FIG. 7 shows a confocal spherical embodiment of the dark field transducer which generates surface waves Inner and outer transducer elements 31 and 32 are spherical and coplanar, and have a common focal point 33 which is close to the surface of part 15 so that a ring of surface waves 34 is generated and its maximum diameter is again made less than the Schoch displacement. An advantage of the FIG. 7 transducer compared to FIG. 6 is that the surface wave trains propagating from the circumference toward the center of the ring are in step and constructively interfere to maximize the insonification at the center of the ring.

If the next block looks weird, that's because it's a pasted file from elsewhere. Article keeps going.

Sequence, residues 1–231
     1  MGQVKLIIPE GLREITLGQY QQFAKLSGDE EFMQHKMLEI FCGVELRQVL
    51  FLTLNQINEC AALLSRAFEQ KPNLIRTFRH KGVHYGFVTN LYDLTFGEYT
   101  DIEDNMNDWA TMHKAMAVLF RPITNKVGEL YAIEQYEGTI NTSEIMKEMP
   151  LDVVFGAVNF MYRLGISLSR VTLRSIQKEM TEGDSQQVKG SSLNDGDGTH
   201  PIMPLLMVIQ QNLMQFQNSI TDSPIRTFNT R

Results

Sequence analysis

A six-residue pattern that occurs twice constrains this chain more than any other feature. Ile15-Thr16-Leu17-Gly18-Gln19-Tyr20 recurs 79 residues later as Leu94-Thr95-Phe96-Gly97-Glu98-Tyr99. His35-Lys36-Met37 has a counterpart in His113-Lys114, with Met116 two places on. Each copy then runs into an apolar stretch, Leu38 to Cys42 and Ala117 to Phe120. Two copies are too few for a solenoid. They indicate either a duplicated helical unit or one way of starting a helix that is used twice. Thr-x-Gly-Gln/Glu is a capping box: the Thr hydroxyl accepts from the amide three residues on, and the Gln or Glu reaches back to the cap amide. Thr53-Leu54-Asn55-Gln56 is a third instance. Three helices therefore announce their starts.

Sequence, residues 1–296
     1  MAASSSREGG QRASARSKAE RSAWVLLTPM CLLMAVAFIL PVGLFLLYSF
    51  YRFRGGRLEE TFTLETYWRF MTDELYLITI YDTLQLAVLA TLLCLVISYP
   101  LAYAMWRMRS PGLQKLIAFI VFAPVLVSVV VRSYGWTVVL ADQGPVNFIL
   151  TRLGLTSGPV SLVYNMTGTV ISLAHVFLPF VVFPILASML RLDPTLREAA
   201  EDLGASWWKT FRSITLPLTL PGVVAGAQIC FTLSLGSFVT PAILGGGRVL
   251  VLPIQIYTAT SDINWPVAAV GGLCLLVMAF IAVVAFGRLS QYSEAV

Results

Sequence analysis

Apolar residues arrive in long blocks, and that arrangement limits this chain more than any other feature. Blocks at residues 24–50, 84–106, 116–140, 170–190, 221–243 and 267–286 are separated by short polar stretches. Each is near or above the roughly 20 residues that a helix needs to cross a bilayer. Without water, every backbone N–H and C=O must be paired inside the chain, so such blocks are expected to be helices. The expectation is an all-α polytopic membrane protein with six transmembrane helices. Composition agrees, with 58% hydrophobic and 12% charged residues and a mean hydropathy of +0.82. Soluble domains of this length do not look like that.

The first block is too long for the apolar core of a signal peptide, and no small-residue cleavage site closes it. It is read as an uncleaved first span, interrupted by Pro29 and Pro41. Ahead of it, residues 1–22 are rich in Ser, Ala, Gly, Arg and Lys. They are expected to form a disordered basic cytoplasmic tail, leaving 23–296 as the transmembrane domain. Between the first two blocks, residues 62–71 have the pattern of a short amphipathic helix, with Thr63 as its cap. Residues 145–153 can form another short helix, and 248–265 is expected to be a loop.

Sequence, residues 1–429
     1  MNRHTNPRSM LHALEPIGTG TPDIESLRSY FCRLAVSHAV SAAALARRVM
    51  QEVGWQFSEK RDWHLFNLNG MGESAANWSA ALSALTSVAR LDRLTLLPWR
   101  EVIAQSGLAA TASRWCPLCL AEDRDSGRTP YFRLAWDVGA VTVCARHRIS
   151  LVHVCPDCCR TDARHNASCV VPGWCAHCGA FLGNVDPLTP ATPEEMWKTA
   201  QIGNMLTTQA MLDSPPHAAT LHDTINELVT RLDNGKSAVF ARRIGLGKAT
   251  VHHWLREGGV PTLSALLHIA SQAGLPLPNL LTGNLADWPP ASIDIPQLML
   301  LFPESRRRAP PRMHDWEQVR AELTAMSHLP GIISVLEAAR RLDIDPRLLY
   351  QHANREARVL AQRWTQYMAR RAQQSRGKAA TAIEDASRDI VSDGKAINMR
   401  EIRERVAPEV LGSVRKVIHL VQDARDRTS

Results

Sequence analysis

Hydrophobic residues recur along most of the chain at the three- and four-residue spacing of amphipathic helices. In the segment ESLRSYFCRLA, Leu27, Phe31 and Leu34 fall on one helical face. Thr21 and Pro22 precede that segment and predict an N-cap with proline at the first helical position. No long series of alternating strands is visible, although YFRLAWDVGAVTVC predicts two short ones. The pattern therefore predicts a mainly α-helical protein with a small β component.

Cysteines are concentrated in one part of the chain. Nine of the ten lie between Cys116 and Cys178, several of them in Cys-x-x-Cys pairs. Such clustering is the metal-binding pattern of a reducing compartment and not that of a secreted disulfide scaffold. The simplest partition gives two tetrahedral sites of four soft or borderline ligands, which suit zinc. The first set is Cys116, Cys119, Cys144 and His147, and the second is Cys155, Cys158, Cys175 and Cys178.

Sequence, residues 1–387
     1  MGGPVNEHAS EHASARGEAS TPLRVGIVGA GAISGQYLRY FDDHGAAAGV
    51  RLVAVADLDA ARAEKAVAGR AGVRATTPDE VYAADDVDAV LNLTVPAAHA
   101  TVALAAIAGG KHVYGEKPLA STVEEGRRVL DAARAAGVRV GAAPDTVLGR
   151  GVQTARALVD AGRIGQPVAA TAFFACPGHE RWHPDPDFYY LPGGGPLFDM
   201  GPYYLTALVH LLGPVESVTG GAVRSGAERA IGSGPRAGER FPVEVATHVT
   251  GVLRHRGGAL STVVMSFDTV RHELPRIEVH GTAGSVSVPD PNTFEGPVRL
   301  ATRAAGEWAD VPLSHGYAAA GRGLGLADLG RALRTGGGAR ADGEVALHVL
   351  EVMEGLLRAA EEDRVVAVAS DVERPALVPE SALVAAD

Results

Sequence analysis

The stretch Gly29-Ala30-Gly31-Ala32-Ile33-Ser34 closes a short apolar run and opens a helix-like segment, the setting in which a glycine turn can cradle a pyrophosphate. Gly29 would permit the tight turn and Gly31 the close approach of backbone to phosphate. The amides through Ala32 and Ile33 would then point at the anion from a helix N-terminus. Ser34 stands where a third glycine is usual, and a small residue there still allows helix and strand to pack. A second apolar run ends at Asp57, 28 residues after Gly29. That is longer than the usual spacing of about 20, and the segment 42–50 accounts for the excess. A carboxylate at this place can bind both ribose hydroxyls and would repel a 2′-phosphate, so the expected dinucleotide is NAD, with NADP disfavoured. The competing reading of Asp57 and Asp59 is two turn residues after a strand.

Referring to FIG. 8, the preferred embodiment of a dark field transducer to generate surface waves for flaw characterization has a spherical inner transducer element 35 and a coaxial, annular, conical outer element 36. The inner element 35 is focused at or just below the surface of part 15. Conical outer element 36 is tangent to or coplanar with the edge of inner element 35, and its inner edge typically is at an angle equal to or greater than the Rayleigh critical angle AR. Conical outer element 36 transmits plane waves; these are incident on the surface of part 15 at an angle equaling or exceeding AR so that the incident acoustic waves are converted to surface waves 37 which propogate inwardly toward the focus of inner element 35. This acoustic lens configuration more efficiently converts the incident beam into surface waves. All sound waves that create Rayleigh waves stay in phase and this dark field transducer fully uses the outer transducer element 36. The diameter of the surface wave generation ring, measured from the point where the ray from the outer edge of conical element 36 is incident on the sample surface, is no greater than the Schoch displacement.